FCPAméricas Blog

2014 World Cup, 2016 Olympics, and Corruption Risk: Perspectives from Brazil

Author: Matteson Ellis

What are the anti-corruption compliance issues now emerging in Brazil given that the country is scheduled to host the 2014 World Cup and the 2016 Olympics? FCPAméricas asked this question to five prominent Brazilian compliance professionals.

Their answers, provided below, highlight three key issues. First, public procurement for things like stadium construction has created significant opportunities for corruption (see more on risks in public procurement here). Second, hospitality issues are beginning to arise now that companies will have the chance to host others at the many scheduled events (see a discussion on hospitality and entertainment here). Third, the resulting corruption risks are now a topic of frequent conversation and focus in Brazil, an issue on which FCPAméricas has previously written. The very fact that corruption is an issue on people’s minds, alone, appears to be an important development.

Carlos Henrique da Silva Ayres, Co-Chair of the Anti-Corruption and Compliance Committee of the Brazilian Institute for Business Law (Ibrademp):

Since the Brazilian Government is directly involved right now in several projects related to these two major sporting events, public bidding issues – in which most of the government procurement is taking place – are emerging and are an important area of concern. As a result, companies participating in public biddings, directly or indirectly, should have a strong knowledge of the Brazilian public procurement rules.  This allows them to identify red flags that can lead to corrupt behavior. Companies can enhance certain aspects of their compliance programs and implement specific trainings to address these issues accordingly. In addition, hospitality is often troublesome as many companies doing business in Brazil entertain their clients, including those that are public employees, in the context of sporting events like these. We are already beginning to see several such inquiries.

Isabel Franco, Chair of the Anti-Corruption Compliance Practice, KLA – Koury Lopes Advogados:

The greatest challenge that Brazil faces is delays! All stadiums and infrastructure works must be ready in time for the opening of the World Cup. The works necessary for both the World Cup and the Olympic Games are notoriously way behind schedule. These works should always be subject to public bids and we are already experiencing irregular bidding processes and expect more and more contracts being closed without the due bidding process. These works will then be overcharged and distributed among providers, politicians, contractors of all sorts and other parties linked to corrupted agents.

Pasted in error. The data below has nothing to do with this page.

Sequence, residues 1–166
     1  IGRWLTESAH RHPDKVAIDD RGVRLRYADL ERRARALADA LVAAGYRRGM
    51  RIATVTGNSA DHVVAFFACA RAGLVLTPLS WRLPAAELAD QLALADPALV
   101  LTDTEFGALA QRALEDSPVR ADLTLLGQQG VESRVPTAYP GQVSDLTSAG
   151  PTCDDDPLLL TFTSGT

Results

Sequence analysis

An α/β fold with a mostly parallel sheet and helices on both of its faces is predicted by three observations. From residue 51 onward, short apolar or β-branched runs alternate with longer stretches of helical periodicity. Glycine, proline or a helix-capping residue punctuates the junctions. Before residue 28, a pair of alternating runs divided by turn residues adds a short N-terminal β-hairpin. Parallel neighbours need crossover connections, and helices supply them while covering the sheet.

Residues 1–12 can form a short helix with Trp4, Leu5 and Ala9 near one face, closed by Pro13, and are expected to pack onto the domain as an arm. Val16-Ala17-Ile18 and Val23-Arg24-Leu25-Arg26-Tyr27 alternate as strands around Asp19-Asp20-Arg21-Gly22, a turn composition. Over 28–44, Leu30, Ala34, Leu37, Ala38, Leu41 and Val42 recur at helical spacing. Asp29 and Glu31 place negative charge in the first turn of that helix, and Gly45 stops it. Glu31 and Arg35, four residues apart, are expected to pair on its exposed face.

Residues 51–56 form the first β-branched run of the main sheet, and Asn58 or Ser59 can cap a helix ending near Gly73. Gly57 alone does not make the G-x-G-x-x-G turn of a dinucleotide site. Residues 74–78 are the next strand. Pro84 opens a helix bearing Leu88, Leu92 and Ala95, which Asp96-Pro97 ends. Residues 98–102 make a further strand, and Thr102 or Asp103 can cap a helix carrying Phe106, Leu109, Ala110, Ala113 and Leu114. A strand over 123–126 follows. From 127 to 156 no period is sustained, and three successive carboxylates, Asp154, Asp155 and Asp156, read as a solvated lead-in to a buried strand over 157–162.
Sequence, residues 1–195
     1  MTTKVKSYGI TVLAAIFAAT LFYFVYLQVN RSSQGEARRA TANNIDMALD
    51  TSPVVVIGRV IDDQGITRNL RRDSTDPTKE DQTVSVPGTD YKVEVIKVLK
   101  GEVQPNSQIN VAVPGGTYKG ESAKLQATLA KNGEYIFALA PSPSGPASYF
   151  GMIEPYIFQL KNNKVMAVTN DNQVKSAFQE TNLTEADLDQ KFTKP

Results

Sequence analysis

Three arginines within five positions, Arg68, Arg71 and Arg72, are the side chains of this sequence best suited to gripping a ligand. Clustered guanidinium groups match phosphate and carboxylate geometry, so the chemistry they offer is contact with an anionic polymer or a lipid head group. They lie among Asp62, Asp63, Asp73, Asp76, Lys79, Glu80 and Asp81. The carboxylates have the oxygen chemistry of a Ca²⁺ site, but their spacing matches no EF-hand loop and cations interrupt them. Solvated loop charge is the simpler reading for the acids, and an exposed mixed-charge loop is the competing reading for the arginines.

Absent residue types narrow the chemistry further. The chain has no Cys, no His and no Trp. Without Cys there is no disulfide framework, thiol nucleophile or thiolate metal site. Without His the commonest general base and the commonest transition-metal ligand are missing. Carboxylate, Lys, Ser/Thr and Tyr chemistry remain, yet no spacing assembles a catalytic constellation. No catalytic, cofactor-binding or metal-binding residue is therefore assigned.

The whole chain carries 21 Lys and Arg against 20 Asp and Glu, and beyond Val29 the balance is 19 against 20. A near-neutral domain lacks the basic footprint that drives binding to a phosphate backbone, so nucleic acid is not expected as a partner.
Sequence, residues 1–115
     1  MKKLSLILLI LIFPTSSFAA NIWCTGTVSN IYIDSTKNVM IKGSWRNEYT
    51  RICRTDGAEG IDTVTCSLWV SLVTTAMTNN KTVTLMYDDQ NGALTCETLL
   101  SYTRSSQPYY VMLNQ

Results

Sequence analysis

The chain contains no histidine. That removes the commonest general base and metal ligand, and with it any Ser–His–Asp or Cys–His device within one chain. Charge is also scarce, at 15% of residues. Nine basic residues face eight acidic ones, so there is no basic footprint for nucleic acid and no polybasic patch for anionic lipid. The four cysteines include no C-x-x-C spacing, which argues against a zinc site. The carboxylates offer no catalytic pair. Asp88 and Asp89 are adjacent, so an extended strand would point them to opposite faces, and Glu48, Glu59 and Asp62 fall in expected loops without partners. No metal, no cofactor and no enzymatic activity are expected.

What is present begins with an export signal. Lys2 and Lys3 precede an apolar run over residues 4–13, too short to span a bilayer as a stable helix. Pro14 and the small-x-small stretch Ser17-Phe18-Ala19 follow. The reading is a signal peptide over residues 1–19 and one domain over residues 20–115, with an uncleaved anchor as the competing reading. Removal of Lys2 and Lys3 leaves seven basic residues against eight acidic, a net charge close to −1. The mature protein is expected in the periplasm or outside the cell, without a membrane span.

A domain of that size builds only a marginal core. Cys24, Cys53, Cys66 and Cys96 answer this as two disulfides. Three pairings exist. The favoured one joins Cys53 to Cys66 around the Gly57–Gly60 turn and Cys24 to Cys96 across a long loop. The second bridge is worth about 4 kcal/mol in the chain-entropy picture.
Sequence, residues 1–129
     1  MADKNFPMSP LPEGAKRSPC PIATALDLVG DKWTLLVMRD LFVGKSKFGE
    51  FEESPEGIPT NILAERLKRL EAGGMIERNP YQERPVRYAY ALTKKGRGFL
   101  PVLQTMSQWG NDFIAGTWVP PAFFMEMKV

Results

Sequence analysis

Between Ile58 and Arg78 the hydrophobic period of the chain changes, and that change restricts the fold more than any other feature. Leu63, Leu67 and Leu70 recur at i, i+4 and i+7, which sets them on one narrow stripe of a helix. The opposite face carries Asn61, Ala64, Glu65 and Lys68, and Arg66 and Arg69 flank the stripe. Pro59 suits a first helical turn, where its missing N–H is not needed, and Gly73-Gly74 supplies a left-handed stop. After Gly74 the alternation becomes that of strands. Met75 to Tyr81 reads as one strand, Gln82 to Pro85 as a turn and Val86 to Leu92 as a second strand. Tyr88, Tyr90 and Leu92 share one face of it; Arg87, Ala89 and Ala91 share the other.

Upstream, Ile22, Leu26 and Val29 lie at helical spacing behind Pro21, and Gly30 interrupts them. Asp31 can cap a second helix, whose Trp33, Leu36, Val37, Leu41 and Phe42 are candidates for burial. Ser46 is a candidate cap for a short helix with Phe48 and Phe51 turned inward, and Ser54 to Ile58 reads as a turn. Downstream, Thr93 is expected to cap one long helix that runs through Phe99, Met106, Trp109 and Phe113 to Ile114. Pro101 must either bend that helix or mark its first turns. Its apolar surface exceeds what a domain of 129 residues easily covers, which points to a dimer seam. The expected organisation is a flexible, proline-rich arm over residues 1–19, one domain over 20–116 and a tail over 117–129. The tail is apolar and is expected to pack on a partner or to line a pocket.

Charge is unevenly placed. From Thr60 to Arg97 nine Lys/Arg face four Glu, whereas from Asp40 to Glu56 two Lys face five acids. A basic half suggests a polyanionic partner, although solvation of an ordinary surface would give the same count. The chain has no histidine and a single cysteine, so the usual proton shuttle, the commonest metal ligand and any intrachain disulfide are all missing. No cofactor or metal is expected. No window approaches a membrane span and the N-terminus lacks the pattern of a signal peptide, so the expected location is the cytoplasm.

The initial budget for the World Cup, for example, has already been inflated twofold according to the press. Some estimate that, by the end of the process, it will be five times the original amount. Scandals are reported each day. In addition, the specific statute being prepared for the World Cup (called World Cup General Law) was scheduled to be approved in 2007. It is still not approved as of May 2012. The government brags about the transparency it promotes in relation to the works surrounding the preparations of these two events. But a mere check of their site shows an outdated and minimally-informative vehicle. Finally, there is incredibly little monitoring of the governmental expenditures relating to these events. All these loopholes allow corruption to run rampant in Brazil.

Fernando Cevallos, Senior Manager of Forensic Services, PwC Brazil:

The Brazilian market (mainly large Brazilian entities and multinational companies with operations in Brazil) is right now more open to discussing corruption risks and understanding the implications and penalties related to doing business with the government, specifically related to certain main infrastructure projects. In fewer cases, medium-sized Brazilian companies are looking to implement anti-corruption compliance programs. They rightly see it as an investment to attract foreign investors and goodwill for potential future sales of their businesses. For them, the key challenge is how to do this in an efficient way. There is also the challenge of expanding anti-corruption compliance awareness to all other entities. These matters are new in the region, and several initiatives and events related to the major sports events and compliance have the potential to increase the sophistication of the Brazilian market by helping it to understand the risks.

Leopoldo Pagotto, PhD in Economic Law, University of São Paulo, Masters of Science in Regulation, London School of Economics: